The Russian Church has lived for decades in a country where the official ideology was the ideology of atheism, “where churches were destroyed, crosses were removed from churches to be used for some secular purposes, where religious life was squeezed out of public life and could only be manifested in private, intimate life.”

The people who made such policies “have very good intentions and acted on the basis of their convictions, and their convictions were very humanistic: to build a just prospering society, good future, where people would be happy and would have everything they wanted to have, but religion, those crosses on churches were getting in the way,” the Patriarch said.

“It scares me that something illogical is now taking place in some countries, including in Western Europe. No one is saying that the Christian presence should be removed for the sake of a good future, but they are using a different philosophy: they want to remove crosses from schools and religion from public life in the name of human rights,” Patriarch Kirill said.

More on Interfax.

This week’s Acton Commentary. Sign up for our free, weekly email newsletter here. While you’re at it, pick up a copy of Victor Claar’s new monograph, Fair Trade: It’s Prospects as a Poverty Solution, in the Acton Bookshoppe.

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Searching for Meaningful Work: Reflections on the 2010 Economics Nobel

By Victor V. Claar

This year’s Nobel economics prize was awarded to two Americans and a British-Cypriot for developing a theory that helps to explain why unemployment can persist even when job openings are available.

The economics prize is not one of the original awards established by Alfred Nobel’s 1895 will, but is instead a relatively new prize. Established in 1969, the Bank of Sweden Prize in Economic Sciences in Memory of Nobel — its official name — is funded through proceeds from a 1968 donation by Sweden’s central bank.

This year’s winners — Americans Peter Diamond and Dale Mortensen, and British-Cypriot Christopher Pissarides — were honored with the $1.5 million prize for their illumination of the obstacles that may keep buyers and sellers from finding each other in some markets as efficiently as economic theory traditionally predicts.

In some markets — where information is low-cost and individual buyers and sellers are not particularly unique — parties can quickly find each other and engage in mutually-beneficial exchanges. Any buyer is happy to trade with any seller as long as the price seems reasonable to each.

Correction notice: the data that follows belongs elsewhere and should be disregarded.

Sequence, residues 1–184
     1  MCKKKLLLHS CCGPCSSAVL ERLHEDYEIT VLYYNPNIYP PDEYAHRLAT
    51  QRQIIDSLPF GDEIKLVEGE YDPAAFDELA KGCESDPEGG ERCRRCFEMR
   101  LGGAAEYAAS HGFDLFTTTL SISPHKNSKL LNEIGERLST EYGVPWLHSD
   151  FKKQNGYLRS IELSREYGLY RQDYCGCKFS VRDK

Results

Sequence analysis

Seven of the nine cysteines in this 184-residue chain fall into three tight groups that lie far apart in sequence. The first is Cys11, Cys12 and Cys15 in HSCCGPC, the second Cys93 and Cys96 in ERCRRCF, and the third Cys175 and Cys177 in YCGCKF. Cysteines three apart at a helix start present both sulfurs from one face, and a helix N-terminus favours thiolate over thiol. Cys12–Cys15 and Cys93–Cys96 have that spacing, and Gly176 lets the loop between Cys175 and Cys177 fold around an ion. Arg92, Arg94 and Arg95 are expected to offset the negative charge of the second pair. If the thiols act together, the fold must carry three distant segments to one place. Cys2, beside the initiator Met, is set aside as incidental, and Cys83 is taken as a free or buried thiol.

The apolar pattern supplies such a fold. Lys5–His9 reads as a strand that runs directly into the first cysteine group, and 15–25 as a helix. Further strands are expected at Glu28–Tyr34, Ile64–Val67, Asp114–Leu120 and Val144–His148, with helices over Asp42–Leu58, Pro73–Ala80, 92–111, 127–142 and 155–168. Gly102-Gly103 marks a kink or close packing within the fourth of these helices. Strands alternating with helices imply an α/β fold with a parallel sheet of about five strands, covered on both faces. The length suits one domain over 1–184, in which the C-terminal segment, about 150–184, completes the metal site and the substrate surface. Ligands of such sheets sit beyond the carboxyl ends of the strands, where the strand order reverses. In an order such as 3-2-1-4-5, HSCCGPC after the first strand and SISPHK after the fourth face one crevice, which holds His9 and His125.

But in other markets the fit matters more. And, as Diamond’s early work in the 1970s suggested, sometimes fit matters a lot. An extreme example is the “market” for spouses. Because marriage is a lifelong joint endeavor, men and women search extensively for partners with whom their eventual marital union may fully flourish as God intends.

And because searching for just the right person takes time, effort, and perhaps many first dates, plenty of eligible men and women remain single at any given moment. Web sites like match.com and eHarmony are popular with singles because those sites help reduce search costs by improving the amount of information available to singles about potential mates.

Diamond, Mortensen, and Pissarides have studied extensively markets with such search costs. When both buyers and sellers are unique, it requires considerable searching for each to find just the right fit. Even in a well-functioning housing market with plenty of available homes, buyers may struggle to find homes they like. So the buyers keep looking.

All three recipients of this year’s prize have carefully extended Diamond’s work to better understand why we may observe persistent unemployment in the labor market even when there are plenty of job openings available, and with interesting policy implications — especially for unemployment insurance programs. Their work shows that more generous unemployment insurance programs will unambiguously lead to longer average unemployment spells: a result with very strong empirical support.